Insidious trade agreements afoot
This is a bit of a long post. So here’s a summary:
Intellectual property rights today are largely regulated by international trade agreements. International trade agreements are negotiated under secrecy. The most known example so far is ACTA, which might turn out to be extremely detailed while leaving no room for public debate over the content at all – since the content is unknown! However, this has and is already happening. Trade agreements are being negotiated and have been signed that are extremely detailed, and it’s happening with no public debate. It’s Christmas for people that feel inclined to like repressive legislation enough make it permanent beyond repair, and the following rather lengthy text describes, I hope, why.
We’ve been looking into trade agreements lately. It started out with ACTA, some time last year, but as noted by FFII there’s a trade agreement between the European Communities and South Korea which was signed by all parties last year in October. That trade agreement will still have to be approved by the European Parliament, and this hasn’t happened yet. Reading the analysis of of the treaty, it would appear that it’s very desirable that it doesn’t pass.
An even more recent analysis of the Korea agreement shows that it’s a direct copy of already existing legislation in the European Union. Cross-referencing with several of the more important telecommunications and IPR directives from the 21st century, it’s been found that the Korea agreement contains large portions of the E-Commerce Directive. The Korea agreement is, alas, also very similar to the recently leaked IP chapter of a ”comprehensive” agreement with Canada.
And the Canada agreement contains most of IPRED1. So does the Korea agreement, btw.
What does it mean putting copy-pasted material from existing legislation into an agreement? Well, it means that the copy-pasted material is suddenly very permanent. The Korea agreement was negotiated over two years, which is very fast for a trade agreement. As a comparison, we could mention the Economic Partnership Agreements negotiated with African, Caribbean and Pacific nations, all of which have taken 10 years or more. Most of them are even not concluded yet. They are beginning the ninth year of negotiations for new treaties in the World Trade Organisation. So far they have preliminary inputs for drafts. In the World Intellectual Property Organisation they’ve been working on a development agenda for the past 6 years – there is only recently talk of it perhaps taking too much time.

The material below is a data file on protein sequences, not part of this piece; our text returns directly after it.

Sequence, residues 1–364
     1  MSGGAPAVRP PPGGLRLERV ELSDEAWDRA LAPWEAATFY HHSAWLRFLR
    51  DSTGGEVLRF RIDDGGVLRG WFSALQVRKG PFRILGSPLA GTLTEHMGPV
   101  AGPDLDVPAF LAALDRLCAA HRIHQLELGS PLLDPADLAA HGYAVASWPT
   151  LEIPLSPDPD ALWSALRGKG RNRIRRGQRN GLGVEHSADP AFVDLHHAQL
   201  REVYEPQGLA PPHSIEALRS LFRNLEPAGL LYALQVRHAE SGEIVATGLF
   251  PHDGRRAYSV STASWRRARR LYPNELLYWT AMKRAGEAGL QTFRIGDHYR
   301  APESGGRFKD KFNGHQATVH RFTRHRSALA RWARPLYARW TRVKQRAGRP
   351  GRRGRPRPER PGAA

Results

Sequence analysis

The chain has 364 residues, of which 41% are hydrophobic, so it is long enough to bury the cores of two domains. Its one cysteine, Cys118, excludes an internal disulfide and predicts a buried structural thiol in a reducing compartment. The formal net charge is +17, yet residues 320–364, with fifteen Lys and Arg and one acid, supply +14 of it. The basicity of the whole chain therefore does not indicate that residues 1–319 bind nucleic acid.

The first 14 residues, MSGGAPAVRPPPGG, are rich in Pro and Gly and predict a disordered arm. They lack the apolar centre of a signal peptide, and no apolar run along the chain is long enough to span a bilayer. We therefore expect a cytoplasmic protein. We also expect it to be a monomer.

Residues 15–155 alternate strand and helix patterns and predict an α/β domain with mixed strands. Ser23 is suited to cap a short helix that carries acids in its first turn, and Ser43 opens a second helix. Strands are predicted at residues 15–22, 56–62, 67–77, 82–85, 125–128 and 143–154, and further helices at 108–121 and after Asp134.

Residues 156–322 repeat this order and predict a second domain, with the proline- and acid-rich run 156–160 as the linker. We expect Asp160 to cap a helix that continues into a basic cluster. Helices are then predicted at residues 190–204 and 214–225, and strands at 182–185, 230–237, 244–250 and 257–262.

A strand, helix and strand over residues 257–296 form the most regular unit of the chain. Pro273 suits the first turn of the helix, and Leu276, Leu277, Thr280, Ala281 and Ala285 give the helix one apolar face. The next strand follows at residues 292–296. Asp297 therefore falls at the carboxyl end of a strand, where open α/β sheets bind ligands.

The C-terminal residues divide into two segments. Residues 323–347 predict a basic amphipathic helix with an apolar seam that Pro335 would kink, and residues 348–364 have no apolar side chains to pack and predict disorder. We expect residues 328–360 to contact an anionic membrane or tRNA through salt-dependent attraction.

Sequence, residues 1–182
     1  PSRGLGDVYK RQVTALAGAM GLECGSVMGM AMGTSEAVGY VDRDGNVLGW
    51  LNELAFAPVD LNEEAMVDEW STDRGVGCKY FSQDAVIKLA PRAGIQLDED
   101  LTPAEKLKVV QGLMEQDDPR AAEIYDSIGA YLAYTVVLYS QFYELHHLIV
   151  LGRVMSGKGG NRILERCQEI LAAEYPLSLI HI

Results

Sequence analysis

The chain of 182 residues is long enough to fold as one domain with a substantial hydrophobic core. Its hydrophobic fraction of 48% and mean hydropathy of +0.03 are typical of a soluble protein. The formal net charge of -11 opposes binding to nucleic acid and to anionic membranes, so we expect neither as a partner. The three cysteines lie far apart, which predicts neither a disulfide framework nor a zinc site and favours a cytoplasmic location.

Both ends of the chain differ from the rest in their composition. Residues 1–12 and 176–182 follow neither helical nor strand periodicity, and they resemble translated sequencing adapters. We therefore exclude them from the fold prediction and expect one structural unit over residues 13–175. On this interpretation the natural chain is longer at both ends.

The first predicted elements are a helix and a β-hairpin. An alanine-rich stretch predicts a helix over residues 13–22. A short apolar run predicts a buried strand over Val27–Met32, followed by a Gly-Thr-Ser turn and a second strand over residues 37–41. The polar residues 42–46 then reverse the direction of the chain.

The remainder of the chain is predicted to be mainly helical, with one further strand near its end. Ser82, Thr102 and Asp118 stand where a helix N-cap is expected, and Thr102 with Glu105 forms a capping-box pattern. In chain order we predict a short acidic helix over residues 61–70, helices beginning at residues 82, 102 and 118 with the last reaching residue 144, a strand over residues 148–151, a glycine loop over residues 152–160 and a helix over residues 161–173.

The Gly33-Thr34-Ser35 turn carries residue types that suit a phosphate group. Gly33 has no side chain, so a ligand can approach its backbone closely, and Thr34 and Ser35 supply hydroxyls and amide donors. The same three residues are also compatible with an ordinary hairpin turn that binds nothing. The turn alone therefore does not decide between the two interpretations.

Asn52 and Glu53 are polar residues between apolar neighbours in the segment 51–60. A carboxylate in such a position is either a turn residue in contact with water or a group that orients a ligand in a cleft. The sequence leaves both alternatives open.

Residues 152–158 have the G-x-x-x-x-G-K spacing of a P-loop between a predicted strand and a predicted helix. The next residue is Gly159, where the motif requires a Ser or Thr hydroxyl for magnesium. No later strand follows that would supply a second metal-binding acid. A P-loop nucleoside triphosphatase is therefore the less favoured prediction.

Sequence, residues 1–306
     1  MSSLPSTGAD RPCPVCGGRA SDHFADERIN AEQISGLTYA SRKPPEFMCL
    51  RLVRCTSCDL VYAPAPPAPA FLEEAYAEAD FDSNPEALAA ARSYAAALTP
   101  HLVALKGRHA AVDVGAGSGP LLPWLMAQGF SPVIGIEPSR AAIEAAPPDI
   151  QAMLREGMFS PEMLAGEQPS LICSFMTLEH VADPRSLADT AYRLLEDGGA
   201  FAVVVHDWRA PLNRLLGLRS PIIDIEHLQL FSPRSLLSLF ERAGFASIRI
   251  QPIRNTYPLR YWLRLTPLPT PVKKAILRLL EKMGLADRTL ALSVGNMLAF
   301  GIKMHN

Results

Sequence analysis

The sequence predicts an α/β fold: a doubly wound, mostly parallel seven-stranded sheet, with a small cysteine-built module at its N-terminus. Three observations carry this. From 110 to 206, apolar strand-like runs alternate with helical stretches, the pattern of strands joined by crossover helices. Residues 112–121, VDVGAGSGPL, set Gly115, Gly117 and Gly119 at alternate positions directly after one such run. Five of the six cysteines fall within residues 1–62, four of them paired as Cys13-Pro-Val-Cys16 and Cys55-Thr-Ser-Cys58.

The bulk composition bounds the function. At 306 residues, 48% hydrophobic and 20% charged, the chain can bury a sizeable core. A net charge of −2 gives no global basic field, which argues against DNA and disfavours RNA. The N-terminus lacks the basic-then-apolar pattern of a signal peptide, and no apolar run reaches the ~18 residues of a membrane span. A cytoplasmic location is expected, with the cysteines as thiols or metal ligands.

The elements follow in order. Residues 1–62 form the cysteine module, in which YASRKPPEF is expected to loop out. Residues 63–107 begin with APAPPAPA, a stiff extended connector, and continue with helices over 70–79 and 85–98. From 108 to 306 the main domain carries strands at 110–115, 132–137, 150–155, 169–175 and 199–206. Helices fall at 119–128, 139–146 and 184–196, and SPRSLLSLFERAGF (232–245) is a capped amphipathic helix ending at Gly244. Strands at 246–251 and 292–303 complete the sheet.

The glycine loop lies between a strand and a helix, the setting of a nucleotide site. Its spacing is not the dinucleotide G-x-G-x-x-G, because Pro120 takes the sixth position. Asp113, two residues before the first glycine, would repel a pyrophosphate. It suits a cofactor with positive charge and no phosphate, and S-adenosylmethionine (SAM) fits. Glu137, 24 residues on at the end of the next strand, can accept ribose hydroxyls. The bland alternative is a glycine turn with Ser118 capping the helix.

In the case of Korea though, my assumption is that the negotiations went fast because it was a bilateral negotiations. That is: only two parties were involved and one of them was vastly superior in economic power (EU) than the other (Korea). Bilateral negotiations tend to work in the way that the stronger party dictates, and the weaker party follows.
Essentially, we can no longer change European legislation for the better. At least not the parts of it spelled IPRED1, Infosoc, Rental and E-Commerce. In fact, it’s probably going to be a mess changing either of those directives over all, because the agreements are now so specific about the provisions it’s going to take a lot of legal tweaking to make sure our updated legislation does not conflict with our previous (in general, you update legislation when you find out there’s something wrong with the previous legislation – it insinuates a conflict which now can’t be resolved easily).
Obviously, it makes you want to draw the conclusion that copy-pasted texts should not exist in trade agreements. But we were told that it’s already established that trade agreements can and should contain copy-pasted texts from legislation. The precedent is an agreement with CARIFORUM, the Caribbean states party to Economic Partnership Agreement negotiations. It was concluded in 2008 and the parliament ”assented” (=approved) of the agreement in spring of 2009.